Every now and then, my brain goes traveling down Memory Lane for no specific reason. And it comes back with a totally random very specific piece of my past.
Usually something that has to do with my childhood.
Chéri is very familiar with these Family Flashes, because I always feel the need to share them with him, when they happen.
I thought I’d start a little series, like a scrapbook of these tiny bits of my life.
You might remember the Volkswagen Rabbit I mentionned in a previous Family Flash, not so long ago.
It had a rather brutal end as you can tell from the pictures above.
I don’t know why I have these photos in my personal archives. You’d think they belong in Mom and Dad’s memory albums, but somehow, they ended up with me. Maybe because I was meant to tell the story.
It was in March of 1984 or 1985. The third, and it’s no mystery I remember that detail because it was the day before my birthday.
We lived in Fermont, a remote town in the far North of the province. Back then, there were no roads to drive to Fermont. The only two ways to go there were by train or by plane. And that day my grand-mother (Mom’s Mom) and my only blood-related uncle and godfather were coming to celebrate me turning five or six.
We had picked them up at Wabush’s airport, and were driving back home.
Mind you, that meant four adults and two kids in a VW Rabbit, which already defied the laws of physics. The weather wasn’t particularly bad, but in that area, in March, driving around was never perfectly safe (especially in a tiny Rabbit).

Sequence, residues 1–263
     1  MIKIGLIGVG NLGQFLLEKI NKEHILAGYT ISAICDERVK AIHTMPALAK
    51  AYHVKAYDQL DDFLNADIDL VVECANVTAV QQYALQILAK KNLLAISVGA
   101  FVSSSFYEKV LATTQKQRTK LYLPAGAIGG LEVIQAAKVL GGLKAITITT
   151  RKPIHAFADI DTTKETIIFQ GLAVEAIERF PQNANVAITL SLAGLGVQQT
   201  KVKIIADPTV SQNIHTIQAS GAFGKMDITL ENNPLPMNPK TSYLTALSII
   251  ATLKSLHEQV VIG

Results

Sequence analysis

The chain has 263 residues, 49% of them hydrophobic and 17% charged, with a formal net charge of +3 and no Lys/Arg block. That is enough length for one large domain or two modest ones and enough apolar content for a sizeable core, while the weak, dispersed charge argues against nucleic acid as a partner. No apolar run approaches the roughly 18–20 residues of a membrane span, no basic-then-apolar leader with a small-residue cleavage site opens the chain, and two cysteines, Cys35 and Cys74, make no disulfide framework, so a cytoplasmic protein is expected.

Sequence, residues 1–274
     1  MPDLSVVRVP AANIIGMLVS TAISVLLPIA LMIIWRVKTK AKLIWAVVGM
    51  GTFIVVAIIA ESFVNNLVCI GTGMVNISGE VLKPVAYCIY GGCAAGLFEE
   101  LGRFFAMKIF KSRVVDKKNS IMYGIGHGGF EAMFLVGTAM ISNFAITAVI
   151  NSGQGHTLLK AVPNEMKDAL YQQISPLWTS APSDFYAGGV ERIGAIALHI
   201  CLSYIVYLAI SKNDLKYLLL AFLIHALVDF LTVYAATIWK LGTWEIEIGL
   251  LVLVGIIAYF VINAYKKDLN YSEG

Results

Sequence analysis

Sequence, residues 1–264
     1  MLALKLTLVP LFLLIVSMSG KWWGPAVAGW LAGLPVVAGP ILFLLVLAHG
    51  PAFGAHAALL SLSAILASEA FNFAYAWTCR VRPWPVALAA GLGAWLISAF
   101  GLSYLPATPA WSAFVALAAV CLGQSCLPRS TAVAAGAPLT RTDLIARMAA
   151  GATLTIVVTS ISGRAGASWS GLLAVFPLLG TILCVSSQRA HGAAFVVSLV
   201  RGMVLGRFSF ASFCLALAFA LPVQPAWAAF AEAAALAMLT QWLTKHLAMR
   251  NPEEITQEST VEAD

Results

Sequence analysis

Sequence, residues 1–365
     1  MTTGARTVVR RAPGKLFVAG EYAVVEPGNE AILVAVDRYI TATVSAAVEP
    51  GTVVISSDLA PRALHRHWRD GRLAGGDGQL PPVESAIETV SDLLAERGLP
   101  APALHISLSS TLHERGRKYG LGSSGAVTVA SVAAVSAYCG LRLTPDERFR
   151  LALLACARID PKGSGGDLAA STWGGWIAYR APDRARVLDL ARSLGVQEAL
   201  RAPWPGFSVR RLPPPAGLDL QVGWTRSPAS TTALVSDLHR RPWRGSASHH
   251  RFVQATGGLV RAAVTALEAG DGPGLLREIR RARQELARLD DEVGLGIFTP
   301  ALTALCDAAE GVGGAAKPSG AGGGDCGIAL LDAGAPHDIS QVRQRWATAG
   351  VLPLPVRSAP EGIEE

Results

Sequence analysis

Despite all of that, it was a pretty quiet ride, until, while driving up a pretty steep slope along a cliff, we heard Dad’s warning.
Another driver was trying to make their way down the slope, but the icy road was tricky and they lost control of the vehicule at some point. The other car started zigzaging down our way, and Dad did his best to avoid the crash. With no luck, as the car hit us head on, sending us straight into the guard rail.
The damage to our little Rabbit might not seem extreme at first sight. But that was back in the days when cars didn’t get torn to pieces by a minor bump in the rear end. There were no airbags either.
It was brutal.
Regardless, the only people hurt in the crash were my uncle, who had a bad bruise across the chest from his seatbelt. And Mom. Mom did get a concussion and apparently, because of the shock of the impact, her gynecologist never found her IUD back again.
The funny thing is that I don’t remember anything about my birthday, the day after that accident. And that might seem a little sad, but I beg to differ.
Because to this day, all six people (nonsense) who were sitting in our little Rabbit, are still alive.
Call it luck or destiny.
I think we just weren’t meant to die that day. And I’m quite grateful for that.